Planet Fitness’s ousted CEO still doesn’t know why he was fired—and he’s not allowed to ask his former colleagues about it either

Up until last week, things seemed to be going pretty well for Chris Rondeau. The CEO of Planet Fitness was overseeing a growing empire: the brand is adding new stores, posting sales growth, and rolling out major new investment. But that all came to a screeching halt last Friday when Rondeau was asked by the company’s board of directors to resign as CEO.

The boss had been a part of the company’s furniture for decades: he began working at the company’s first site in New Hampshire exactly 30 years ago before rising to the title of CEO in 2013.

But despite his seemingly unshakeable footing in the brand, Rondeau was ousted last week in what the company called a “transition to new leadership.”

Craig R. Benson, a member of the company’s current board, has been announced as interim CEO.

A week later, Rondeau has said he was “seriously blindsided” by the news, telling Insider he still doesn’t know why he was asked to step down.

In a text to reporters, he wrote: “I wasn’t finished. I had the best team best franchisees and an amazing business.”

Planet Fitness did not respond to Fortune’s request for comment.

It was also revealed Rondeau’s separation agreement bars him from speaking to any of his colleagues outside of those in the legal or Human Resources departments, who he can approach with questions “about [his] employment or the end of [his] employment with the company”, as per Insider.

However, Rondeau will have the opportunity to win back his proverbial corner office.

When it announced the news of Rondeau’s departure, Planet Fitness said in a statement that the ousted CEO will be nominated for re-election at the company’s 2024 annual meeting.

Rondeau will also still have his finger on the pulse of the business — although no longer acting as CEO, Planet Fitness revealed the exec will continue to serve the company in an “advisory role” in order to ensure a smooth leadership transition.

Wall Street wobble

Baffled investors pulled out of Planet Fitness stock as the news broke, with the company’s share price sinking 15% to around $50—the lowest since the pandemic floor of August 2020.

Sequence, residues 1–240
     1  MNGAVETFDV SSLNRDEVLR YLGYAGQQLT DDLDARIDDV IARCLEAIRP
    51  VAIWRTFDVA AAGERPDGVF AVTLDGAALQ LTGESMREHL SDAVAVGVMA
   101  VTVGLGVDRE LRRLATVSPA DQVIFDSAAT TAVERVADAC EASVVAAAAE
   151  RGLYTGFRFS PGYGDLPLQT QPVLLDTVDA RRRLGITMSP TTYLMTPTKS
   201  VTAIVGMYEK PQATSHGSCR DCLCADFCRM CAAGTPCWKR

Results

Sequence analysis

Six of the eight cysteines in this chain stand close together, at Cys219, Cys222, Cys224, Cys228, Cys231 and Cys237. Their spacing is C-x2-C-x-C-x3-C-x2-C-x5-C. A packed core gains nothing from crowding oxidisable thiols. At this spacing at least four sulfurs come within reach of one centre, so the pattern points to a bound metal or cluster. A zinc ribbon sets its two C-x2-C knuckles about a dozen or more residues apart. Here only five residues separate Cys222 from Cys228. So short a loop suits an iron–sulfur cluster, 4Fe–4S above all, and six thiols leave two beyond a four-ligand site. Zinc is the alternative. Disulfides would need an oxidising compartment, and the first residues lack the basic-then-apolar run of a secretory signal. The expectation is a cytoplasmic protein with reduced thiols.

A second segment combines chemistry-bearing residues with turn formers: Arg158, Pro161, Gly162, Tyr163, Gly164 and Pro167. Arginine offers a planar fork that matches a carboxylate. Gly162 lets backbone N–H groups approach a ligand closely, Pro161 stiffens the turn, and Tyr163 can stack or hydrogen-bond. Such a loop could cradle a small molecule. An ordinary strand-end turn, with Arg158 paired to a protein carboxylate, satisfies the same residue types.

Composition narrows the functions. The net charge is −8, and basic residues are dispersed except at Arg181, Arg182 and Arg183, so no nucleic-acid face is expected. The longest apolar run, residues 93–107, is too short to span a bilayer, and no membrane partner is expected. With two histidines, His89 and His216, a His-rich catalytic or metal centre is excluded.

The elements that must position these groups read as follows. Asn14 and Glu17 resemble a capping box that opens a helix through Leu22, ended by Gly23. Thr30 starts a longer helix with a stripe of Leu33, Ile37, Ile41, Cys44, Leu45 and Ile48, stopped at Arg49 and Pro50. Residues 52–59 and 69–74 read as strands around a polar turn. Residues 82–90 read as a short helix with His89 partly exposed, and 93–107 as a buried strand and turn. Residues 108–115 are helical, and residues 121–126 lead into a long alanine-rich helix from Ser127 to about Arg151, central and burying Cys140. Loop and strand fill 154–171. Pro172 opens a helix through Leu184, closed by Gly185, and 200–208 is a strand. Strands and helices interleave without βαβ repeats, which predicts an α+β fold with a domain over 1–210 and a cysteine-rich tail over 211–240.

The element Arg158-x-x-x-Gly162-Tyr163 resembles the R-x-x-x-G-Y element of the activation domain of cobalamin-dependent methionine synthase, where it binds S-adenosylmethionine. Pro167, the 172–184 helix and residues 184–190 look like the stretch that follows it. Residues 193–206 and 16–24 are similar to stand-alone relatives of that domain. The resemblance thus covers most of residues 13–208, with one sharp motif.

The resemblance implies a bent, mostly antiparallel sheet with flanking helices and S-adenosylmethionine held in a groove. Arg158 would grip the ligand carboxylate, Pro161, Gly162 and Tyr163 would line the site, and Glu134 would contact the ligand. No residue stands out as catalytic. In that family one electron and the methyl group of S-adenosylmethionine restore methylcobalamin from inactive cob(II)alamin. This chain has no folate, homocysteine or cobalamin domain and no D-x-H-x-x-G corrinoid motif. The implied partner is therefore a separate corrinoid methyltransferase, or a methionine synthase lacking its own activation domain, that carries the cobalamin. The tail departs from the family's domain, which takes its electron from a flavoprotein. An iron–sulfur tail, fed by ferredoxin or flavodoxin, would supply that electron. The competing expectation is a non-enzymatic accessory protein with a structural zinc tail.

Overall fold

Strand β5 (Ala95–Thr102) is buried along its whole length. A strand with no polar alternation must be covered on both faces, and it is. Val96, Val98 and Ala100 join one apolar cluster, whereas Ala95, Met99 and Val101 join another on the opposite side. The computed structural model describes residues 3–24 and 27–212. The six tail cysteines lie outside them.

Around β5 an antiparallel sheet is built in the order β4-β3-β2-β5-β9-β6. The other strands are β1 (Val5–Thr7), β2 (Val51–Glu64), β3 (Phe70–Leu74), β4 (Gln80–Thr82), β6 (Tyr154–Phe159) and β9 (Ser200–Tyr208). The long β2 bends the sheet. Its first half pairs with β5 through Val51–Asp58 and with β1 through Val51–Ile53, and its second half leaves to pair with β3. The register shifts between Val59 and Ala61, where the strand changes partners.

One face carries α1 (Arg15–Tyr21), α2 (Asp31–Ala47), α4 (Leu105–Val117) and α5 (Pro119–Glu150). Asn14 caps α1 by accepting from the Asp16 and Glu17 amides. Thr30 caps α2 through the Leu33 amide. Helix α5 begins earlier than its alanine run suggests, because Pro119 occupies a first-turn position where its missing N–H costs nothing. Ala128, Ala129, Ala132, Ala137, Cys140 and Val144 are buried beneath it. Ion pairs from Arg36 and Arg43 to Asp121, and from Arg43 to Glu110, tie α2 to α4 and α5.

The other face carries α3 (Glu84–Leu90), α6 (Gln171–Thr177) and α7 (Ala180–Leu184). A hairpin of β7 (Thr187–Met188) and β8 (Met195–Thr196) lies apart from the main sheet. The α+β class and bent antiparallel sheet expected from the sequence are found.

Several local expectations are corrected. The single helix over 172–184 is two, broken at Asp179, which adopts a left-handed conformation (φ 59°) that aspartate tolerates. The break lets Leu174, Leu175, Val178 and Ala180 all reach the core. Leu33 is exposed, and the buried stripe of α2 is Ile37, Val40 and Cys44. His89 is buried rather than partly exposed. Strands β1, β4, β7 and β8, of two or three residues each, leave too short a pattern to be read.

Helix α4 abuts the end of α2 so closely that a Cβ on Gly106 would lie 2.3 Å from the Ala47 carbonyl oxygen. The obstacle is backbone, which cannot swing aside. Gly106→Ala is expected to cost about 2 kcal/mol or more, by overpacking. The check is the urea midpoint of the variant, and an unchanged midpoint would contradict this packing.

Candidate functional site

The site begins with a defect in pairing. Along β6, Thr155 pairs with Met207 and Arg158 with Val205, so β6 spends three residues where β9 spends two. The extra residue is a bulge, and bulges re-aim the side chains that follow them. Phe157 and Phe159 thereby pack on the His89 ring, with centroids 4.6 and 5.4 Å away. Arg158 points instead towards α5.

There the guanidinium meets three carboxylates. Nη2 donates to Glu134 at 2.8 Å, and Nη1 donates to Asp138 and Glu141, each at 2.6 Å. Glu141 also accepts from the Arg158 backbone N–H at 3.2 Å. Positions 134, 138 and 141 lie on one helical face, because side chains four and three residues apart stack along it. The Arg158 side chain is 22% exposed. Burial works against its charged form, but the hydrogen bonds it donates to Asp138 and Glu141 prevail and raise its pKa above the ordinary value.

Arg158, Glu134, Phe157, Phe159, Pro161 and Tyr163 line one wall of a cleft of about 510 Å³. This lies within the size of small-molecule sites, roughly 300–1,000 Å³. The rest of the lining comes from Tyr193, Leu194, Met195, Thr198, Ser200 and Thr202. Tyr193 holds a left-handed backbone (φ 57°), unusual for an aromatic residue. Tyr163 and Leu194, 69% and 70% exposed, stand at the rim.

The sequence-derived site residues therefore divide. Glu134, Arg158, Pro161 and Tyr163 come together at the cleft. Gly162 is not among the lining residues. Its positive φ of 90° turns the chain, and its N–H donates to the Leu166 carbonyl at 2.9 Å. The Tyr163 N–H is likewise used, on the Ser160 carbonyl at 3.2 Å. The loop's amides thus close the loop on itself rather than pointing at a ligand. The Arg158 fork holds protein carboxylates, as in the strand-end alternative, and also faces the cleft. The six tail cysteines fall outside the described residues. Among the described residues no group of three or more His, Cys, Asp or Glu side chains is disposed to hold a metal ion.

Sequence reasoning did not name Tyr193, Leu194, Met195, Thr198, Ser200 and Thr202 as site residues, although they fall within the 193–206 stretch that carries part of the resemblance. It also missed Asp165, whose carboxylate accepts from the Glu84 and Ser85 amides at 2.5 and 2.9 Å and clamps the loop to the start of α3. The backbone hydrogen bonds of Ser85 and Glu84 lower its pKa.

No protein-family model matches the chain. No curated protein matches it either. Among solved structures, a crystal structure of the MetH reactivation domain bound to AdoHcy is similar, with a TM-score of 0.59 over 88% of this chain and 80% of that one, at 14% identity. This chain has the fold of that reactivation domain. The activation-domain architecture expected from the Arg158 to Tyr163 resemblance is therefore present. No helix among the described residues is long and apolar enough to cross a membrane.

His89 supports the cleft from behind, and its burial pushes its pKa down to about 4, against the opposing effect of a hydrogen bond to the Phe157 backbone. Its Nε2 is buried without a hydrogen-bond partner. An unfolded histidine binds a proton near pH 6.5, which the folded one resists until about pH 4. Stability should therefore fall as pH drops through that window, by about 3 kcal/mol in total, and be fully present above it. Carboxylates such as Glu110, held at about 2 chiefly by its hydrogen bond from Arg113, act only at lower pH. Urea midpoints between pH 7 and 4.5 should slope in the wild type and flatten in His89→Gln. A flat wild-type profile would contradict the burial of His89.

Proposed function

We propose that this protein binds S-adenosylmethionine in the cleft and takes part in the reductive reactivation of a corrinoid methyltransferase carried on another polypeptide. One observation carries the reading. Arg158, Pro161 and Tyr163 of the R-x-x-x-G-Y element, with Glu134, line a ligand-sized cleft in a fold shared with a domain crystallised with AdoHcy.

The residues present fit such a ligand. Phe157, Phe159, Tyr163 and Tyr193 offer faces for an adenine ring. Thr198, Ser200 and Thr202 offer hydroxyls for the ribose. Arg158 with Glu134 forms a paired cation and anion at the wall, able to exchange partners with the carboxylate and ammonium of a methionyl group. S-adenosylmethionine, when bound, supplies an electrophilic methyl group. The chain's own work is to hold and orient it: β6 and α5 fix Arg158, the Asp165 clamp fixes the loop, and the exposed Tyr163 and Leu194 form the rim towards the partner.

“The management change is not the result of any material or unexpected financial events,” Planet Fitness said at the time of Rondeau’s departure.

And Rondeau has indeed presided over palatable results in its most recent update to investors.

On its Q2 2023 earnings call the former CEO revealed the affordable fitness chain had more than 18.4 million customers and 8.7% same-store sales growth.

It upped its global site count by 26 to 2,472 and during the second quarter grew membership by more than 300,000 with Gen Z leading the way in sign-ups, suggesting the brand is already tapping into future consumers.

This good news was offset by some economic headwinds, which many other retail and service providers are also battling. Rondeau told analysts on the call that the cost of building new gyms is on the rise — up 25% compared to the pandemic.

Good locations are also increasingly difficult to come by, he said: “We’re seeing that 16% decline in the vacancy rate of retail space versus pre-pandemic, making it slightly more difficult for our franchisees to find the right space in the right location.”

‘A debaucherous workplace’

In 2021, Planet Fitness agreed to a settlement with a former Planet Fitness manager, Casey Willard, after the employee brought a lawsuit against the company claiming the company had a “debaucherous” environment that included sexual harassment and rape.

During a business trip in 2017, Willard said she was raped by a company manager and his friends, and reported the incident to both the police and the company.

Willard also alleged a manager initiated a sexual relationship with her and that a culture of drinking during work hours was encouraged—sometimes she was drunk, following her manager’s lead, by 11 a.m.

At the time, Planet Fitness said it had investigated the claims, firing an employee for violating company policy and terminating the contract of Willard’s supervisor.

It disputed her other allegations as “baseless.”

Willard also claimed Rondeau had sexual relationships with subordinates, which he categorically denies. He told Insider: “Absolutely not on my kid’s life.”

Rondeau did not immediately respond to Fortune’s request for comment.